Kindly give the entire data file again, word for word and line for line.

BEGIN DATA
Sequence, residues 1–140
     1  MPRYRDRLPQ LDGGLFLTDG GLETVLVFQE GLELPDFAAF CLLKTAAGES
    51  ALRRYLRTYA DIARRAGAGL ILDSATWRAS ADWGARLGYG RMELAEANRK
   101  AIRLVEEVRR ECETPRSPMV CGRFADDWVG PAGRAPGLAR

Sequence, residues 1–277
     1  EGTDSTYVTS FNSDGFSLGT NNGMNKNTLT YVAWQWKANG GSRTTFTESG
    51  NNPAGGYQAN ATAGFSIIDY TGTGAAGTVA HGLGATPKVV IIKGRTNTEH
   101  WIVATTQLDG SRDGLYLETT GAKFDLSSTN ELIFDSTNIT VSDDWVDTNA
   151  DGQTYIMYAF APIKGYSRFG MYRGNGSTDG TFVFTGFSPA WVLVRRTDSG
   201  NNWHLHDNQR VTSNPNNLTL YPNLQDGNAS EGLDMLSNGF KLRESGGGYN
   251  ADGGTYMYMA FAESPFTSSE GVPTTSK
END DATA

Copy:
Sequence, residues 1–140
     1  MPRYRDRLPQ LDGGLFLTDG GLETVLVFQE GLELPDFAAF CLLKTAAGES
    51  ALRRYLRTYA DIARRAGAGL ILDSATWRAS ADWGARLGYG RMELAEANRK
   101  AIRLVEEVRR ECETPRSPMV CGRFADDWVG PAGRAPGLAR

Sequence, residues 1–277
     1  EGTDSTYVTS FNSDGFSLGT NNGMNKNTLT YVAWQWKANG GSRTTFTESG
    51  NNPAGGYQAN ATAGFSIIDY TGTGAAGTVA HGLGATPKVV IIKGRTNTEH
   101  WIVATTQLDG SRDGLYLETT GAKFDLSSTN ELIFDSTNIT VSDDWVDTNA
   151  DGQTYIMYAF APIKGYSRFG MYRGNGSTDG TFVFTGFSPA WVLVRRTDSG
   201  NNWHLHDNQR VTSNPNNLTL YPNLQDGNAS EGLDMLSNGF KLRESGGGYN
   251  ADGGTYMYMA FAESPFTSSE GVPTTSK